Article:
The Social Media Threat Continuum
By TorchStone VP, Scott Stewart
During my career, I have found analytical frameworks very useful for understanding and assessing threats.
While all frameworks are imperfect to some extent—face it, no model can ever fully represent every possible sequence of events in the real world—nonetheless, frameworks are helpful for those seeking to understand threats and place them into context.
Some examples of frameworks I often refer to when I am assessing threats are the attack cycle and the pathway to violence.
Over the past several years, I’ve been tasked to conduct assessments of the threat posed to individuals, companies, and organizations by extremist organizations or movements that are operating under the principles of leaderless resistance, and that are using various social media applications as their main communication channel.
I thought I’d share a model I’ve developed to help understand the range of threats posed by such actors. But first, I’d like to discuss how the combination of leaderless resistance and social media is impacting the current threat environment.
Leaderless Resistance and Social Media
While the practice of leaderless resistance is actually quite old, perhaps one of the clearest modern descriptions of the operational model was penned in 1983 by Louis Beam and published in a Ku Klux Klan newsletter.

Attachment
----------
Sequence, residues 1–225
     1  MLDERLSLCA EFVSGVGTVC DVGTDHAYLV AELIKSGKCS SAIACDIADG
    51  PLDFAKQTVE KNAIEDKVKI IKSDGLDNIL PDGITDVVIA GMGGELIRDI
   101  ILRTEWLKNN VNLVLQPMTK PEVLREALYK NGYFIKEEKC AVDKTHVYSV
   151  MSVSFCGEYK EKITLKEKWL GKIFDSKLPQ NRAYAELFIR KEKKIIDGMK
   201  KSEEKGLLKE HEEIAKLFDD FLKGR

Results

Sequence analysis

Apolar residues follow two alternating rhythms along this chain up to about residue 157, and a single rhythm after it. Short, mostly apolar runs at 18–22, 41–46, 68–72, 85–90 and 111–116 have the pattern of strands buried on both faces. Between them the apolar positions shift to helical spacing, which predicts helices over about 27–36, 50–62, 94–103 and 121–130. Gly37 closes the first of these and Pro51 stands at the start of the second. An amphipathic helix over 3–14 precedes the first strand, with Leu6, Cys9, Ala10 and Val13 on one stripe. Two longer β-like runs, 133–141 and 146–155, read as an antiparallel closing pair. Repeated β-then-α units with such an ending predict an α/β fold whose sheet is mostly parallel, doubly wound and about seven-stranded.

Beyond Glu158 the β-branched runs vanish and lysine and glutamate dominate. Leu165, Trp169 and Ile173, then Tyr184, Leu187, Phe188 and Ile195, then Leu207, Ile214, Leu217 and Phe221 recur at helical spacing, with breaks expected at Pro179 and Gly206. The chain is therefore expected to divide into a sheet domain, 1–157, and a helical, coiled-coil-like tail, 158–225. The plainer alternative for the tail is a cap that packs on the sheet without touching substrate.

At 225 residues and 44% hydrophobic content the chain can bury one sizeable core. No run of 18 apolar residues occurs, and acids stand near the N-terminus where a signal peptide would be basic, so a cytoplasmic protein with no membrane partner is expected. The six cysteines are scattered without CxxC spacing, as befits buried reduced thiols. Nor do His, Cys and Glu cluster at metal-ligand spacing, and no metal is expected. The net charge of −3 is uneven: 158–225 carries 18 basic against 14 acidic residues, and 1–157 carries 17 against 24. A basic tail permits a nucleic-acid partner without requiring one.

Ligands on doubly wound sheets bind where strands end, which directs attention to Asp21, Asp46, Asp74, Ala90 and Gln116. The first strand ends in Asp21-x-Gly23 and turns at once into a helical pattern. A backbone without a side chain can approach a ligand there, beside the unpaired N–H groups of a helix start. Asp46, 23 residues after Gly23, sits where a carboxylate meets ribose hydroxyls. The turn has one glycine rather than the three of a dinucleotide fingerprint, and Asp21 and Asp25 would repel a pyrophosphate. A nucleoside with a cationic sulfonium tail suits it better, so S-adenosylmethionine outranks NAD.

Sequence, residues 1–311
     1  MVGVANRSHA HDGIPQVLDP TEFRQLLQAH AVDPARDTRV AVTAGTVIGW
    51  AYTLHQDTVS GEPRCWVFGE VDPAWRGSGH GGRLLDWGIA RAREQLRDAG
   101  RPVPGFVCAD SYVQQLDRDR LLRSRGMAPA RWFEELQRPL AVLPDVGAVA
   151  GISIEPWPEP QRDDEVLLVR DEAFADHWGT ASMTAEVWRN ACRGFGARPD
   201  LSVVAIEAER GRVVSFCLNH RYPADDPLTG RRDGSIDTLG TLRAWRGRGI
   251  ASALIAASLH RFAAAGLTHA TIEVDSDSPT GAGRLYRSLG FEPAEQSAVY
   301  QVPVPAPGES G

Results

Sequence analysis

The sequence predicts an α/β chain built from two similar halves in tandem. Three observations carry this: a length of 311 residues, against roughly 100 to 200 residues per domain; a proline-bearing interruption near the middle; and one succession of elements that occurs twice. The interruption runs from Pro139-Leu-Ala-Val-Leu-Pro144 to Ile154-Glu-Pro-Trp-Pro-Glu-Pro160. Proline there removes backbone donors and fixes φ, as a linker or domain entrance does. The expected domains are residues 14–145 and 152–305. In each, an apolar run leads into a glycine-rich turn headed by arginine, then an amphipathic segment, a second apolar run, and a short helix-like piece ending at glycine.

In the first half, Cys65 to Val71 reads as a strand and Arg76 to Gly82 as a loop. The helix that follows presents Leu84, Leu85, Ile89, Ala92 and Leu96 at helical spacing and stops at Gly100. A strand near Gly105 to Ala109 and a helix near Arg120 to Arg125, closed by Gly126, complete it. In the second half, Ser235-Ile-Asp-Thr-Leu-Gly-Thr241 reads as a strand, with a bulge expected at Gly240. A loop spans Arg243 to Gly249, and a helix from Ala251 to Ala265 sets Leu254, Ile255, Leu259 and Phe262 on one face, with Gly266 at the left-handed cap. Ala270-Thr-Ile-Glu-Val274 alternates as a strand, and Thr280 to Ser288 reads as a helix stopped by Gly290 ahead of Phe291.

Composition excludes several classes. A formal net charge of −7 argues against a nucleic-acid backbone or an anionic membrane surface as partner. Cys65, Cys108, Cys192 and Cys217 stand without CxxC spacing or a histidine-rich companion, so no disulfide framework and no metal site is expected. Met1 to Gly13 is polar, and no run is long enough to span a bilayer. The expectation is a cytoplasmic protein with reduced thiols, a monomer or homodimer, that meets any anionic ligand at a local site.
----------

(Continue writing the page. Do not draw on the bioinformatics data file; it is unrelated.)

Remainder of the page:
In Beam’s conceptualization of leaderless resistance, the violent extremist movement should be divided into two tiers.
The first element is the legal and above-ground “organs of information,” who would “distribute information using newspapers, leaflets, computers, etc.”
The ideologues who comprised the organs of information were encouraged to use the protection of First Amendment free speech to shield their operations and were advised to not conduct any illegal acts.
Instead, their role was to articulate grievances, provide direction for those conducting attacks, identify enemies of the movement, and issue propaganda for recruitment purposes.
The second tier of the extremist movement would be made up of individual operators and small “phantom” cells that would conduct attacks and other illegal activities.
These people were to remain low-key and anonymous, with no connections to, or communications with, the above-ground activists. In today’s parlance, we often refer to this violent, operational tier of the extremist movement as “self-initiated terrorists” or “grassroots terrorists.”
This strict separation between the segments of the ideological movement is meant to prevent government agencies from being able to prosecute the ideologues for the crimes they encourage.
It is also intended to make it more difficult for the government to identify individual actors and infiltrate or compromise the small cells.